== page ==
There is always hope through the Atonement.  I am still learning that now.  I haven't always believed that it could be for me, I think even now I am still working on fully believing that.  I have always known that the Atonement works; I have seen it in the lives of others.  I saw it impact those I taught on my mission. I taught them how to access the Atonement, I watched as they prayed for the first time, and I listened to their experiences as they reflected on the things they had done in the past that they regretted, prayed for forgiveness, and felt them all taken away.  I have always known the Atonement was real; however I never really understood how to use it in my own life.  I felt like I was out of His reach, that I had to try harder than others to access it.  This is a story I still struggle with today.  I understand it is not true, but to know it isn't a true story is different from being able to fully believe it.  That is the step that I am on now, realizing that Christ suffered and died for me.  I already knew He did that for everyone else, but believing he did it for me I felt was a completely different story.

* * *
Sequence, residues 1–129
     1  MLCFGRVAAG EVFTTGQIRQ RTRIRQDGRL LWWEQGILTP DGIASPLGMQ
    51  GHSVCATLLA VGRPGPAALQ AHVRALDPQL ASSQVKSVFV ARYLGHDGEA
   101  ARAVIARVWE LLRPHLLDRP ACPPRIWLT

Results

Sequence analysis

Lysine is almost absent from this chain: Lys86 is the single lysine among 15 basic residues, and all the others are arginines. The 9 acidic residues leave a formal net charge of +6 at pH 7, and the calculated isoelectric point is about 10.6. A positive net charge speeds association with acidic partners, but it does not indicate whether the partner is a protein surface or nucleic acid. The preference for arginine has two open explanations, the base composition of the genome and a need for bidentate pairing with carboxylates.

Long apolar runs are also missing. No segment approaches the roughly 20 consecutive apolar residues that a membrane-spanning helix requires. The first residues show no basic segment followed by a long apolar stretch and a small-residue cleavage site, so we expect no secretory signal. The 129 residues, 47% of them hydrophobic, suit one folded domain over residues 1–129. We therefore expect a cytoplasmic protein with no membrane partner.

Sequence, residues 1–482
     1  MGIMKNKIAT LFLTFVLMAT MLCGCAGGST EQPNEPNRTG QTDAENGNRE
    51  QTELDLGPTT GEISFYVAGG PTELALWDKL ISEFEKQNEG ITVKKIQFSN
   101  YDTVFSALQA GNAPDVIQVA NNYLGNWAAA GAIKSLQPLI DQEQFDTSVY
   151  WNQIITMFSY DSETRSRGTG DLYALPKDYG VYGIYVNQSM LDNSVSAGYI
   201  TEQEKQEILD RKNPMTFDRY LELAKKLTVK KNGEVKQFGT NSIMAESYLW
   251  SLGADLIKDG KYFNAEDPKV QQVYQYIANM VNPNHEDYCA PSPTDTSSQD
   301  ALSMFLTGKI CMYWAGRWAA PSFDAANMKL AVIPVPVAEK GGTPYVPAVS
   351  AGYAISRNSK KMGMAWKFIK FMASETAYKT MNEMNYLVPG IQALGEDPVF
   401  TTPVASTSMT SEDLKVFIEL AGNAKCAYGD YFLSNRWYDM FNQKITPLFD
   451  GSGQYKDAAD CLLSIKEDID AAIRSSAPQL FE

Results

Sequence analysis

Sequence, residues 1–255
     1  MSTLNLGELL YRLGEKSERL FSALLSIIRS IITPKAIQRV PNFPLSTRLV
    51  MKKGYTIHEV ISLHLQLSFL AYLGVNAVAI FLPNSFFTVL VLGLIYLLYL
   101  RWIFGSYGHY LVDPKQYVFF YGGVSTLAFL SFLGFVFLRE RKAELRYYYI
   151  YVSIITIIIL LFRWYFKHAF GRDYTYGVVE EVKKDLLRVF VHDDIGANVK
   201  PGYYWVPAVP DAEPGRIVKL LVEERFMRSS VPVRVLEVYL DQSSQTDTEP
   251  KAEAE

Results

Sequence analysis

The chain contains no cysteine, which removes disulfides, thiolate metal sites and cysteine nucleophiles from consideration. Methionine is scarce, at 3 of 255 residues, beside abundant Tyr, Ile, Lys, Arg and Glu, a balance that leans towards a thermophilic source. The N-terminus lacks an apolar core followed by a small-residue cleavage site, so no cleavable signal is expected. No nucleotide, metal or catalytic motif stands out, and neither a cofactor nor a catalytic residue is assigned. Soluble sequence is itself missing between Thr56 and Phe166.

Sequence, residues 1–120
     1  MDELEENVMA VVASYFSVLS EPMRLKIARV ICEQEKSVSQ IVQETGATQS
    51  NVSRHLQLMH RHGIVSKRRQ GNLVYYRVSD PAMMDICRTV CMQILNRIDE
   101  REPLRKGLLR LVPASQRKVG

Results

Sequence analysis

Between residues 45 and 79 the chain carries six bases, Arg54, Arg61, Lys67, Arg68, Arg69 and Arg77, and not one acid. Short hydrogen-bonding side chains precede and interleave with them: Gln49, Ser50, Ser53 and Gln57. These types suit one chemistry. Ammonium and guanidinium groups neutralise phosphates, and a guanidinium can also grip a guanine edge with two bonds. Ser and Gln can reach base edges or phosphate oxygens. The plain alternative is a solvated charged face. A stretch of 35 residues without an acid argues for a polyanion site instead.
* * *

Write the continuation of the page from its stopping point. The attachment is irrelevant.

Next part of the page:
I do know the Book of Mormon is true; I even owe my life to it.  I believe The Church of Jesus Christ of Latter-day Saints is the same church that Christ set up restored once again to the earth.  I believe we have a prophet today, and that he is called of God, and I believe that Joseph Smith was God's prophet called to restore His church in these days.  I know all of these things and that is what keeps me going.  I can't turn my back on something that I believe in, and I look forward to the day that I will be able to once again enjoy all the blessings that come with being a member of God's church.

Until next time,
The Rainbow-plated Armadillo

Friday, March 15, 2013

The First Post, Although Definitely not the Beginning of the Journey.

        This is my very first blog.  I'm not sure exactly what I'm supposed to write, but I felt that it was important to start one to document my journey and show others that no matter how dark it may seem, and how hopeless things may become, things can always get better, and they will, with effort.  I really like the picture here.  I took this in Wyoming a couple years back.  There were storm clouds and it dropped some heavy rain, but you can see a gap in the clouds where you can see calm and peaceful clouds.  This was taken at sunset as you can see in the lower right, it almost looks like fire.  My journey has been kind of like this picture, there have been moments of darkness, like the black ground, there have been moments where I was hammered by the rain of life, where everything felt ominous and I wasn't sure if I could go on.  There have been times where I felt my whole world falling apart, and it seemed as though my dreams and everything I was working for was being burnt to the ground in a never-ending fire of chaos.  However, more recently, I have caught that glimmer of hope, and have been able to see through those clouds and catch a glimpse of the peace and the calm that has always been there, waiting behind those clouds.